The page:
Black Immigrant Daily News
THE STATE is strenuously resisting any application to have the civil claim filed by King’s Counsel Vincent Nelson unsealed.
Nelson’s claim came up for hearing on Tuesday. He wants $96 million in compensation for an alleged breach of an indemnity agreement to protect him from prosecution.
The Attorney General has filed a counter-claim which seeks to have every cent paid out to him returned to the State’s coffers.
Justice Jacqueline Wilson has been assigned the case and Tuesday’s hearing was held virtually but in private before the judge, as the matter has been sealed.
Nelson has since asked for his claim to be unsealed so its contents can be made public.
However, the State is resisting any such application and has presented to the judge reasons why it should remain sealed.
Kendra Mark-Gordon, instructing attorney from the Chief State Solicitor’s department, has cited the “extensive and sustained public debate” on the matter and the position of the Director of Public Prosecution Roger Gaspard, SC, on the criminal prosecution of former attorney general Anand Ramlogan, SC, and ex-UNC senator Gerald Ramdeen as the chief reasons for not wanting the file unsealed.
Mark-Gordon referred to Gaspard’s statements on October 10, 2022, when he made the shocking announcement that he had decided to discontinue the criminal proceedings against the two men because of Nelson’s refusal to give evidence at their preliminary inquiry until his civil claim for the alleged breach of the indemnity agreement was completed.
Gaspard also said then that his office was retaining the option to have the charges reinstated when Nelson’s civil claim came to an end.
Mark-Gordon said the civil claim could be determined expeditiously.
She also maintained that the State was “anxious to avoid extensive and sustained public debate on the pleadings and evidence in this matter,” since they were very likely to form “a significant part” of the evidence in any future prosecution.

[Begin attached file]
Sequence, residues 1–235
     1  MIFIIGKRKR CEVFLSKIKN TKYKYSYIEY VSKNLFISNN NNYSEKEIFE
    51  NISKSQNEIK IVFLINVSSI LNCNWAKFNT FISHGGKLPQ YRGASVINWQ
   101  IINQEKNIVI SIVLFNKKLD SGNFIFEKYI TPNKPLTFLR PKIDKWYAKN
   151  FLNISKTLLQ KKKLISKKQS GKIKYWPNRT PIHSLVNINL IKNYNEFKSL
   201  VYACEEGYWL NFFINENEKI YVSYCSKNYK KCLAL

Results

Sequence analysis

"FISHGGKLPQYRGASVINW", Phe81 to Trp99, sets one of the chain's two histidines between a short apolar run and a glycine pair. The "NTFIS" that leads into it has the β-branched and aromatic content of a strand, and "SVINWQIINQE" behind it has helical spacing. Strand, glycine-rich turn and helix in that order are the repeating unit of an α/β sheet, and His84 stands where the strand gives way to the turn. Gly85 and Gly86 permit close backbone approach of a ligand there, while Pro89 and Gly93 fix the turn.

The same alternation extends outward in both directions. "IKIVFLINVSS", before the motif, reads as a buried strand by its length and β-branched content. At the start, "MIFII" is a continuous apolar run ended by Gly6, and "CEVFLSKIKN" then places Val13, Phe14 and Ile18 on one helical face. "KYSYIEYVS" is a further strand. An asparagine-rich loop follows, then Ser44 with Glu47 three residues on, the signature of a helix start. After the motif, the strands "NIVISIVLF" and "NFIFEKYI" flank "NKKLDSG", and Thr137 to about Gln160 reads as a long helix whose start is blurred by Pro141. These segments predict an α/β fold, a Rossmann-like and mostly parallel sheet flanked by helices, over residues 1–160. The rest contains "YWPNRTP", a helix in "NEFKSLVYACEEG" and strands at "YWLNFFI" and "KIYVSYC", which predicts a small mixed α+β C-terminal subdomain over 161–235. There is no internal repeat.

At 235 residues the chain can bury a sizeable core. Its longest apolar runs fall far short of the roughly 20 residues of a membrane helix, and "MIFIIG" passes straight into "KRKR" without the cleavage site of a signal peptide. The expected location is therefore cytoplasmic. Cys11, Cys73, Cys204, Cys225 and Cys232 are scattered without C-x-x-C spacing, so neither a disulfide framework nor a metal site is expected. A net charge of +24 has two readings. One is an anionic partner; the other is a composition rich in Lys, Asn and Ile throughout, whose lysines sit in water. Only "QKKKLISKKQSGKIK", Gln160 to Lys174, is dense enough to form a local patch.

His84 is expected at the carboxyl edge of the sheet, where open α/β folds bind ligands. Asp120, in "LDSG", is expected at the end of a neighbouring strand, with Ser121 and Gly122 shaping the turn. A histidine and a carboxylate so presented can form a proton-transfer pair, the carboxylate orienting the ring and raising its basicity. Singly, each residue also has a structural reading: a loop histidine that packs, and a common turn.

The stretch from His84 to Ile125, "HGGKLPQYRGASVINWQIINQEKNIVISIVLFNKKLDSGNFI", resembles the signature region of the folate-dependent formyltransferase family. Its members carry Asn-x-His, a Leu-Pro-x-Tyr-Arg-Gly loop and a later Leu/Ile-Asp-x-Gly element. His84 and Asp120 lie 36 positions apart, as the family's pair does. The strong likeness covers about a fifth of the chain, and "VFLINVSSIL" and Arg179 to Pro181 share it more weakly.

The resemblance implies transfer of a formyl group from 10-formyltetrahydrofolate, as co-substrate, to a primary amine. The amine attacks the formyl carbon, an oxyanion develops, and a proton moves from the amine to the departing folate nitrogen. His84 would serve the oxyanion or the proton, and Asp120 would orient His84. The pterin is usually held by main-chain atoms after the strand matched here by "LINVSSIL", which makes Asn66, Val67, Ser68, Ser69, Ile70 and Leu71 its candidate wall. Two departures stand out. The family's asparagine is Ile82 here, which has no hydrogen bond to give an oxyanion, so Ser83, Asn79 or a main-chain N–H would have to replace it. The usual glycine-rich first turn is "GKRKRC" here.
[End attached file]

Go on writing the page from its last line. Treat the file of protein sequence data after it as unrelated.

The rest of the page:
“Self-evidently, if there is extensive and sustained public debate, the fairness of any criminal trial may be compromised and the pre-trial publicity may be relied on by Mr Ramlogan, SC, and Mr Ramdeen as the basis for any stay of any future prosecution,” she warned.
“It is imperative that any future criminal trial should be fair and based solely on the evidence adduced in the case.
“The possibility of such extensive and sustained debate is extremely high,” she maintained.
Nelson filed his claim alleging breach of an indemnity agreement with the Government to protect him from criminal prosecution and possible proceedings outside Trinidad and Tobago in exchange for a statement alleging a legal-fees kickback scheme with Ramlogan and Ramdeen.
Ramlogan was accused of receiving payment from Nelson after the AG’s Office awarded him a number of state briefs, while Ramdeen was alleged to have facilitated the payments from Nelson to Ramlogan.
Nelson claims because of his conviction for his part in the alleged conspiracy, he can no longer work as a tax attorney in the UK or elsewhere. He also wants the State to indemnify him for the $2.25 million fine ordered by the High Court when he was sentenced in March 2020.
Nelson has since benefited from several extensions for the payment of fines. The latest extension, to April 30, 2023, was announced in a practice direction issued by the Chief Justice for all fines and compensation due between March 16, 2020 and March 31, 2023.
For the conspiracy to commit an act of corruption, Nelson was fined $250,000 and was given two months, starting at the end of April 2020, in which to pay or serve three years of hard labour. On the money-laundering charge, he was fined $2 million, which is to be paid in ten instalments, or will serve five years’ hard labour. He was also put on a $250,000 bond for three years, as the judge who sentenced him, Justice Malcolm Holdip, agreed to no jail time for him.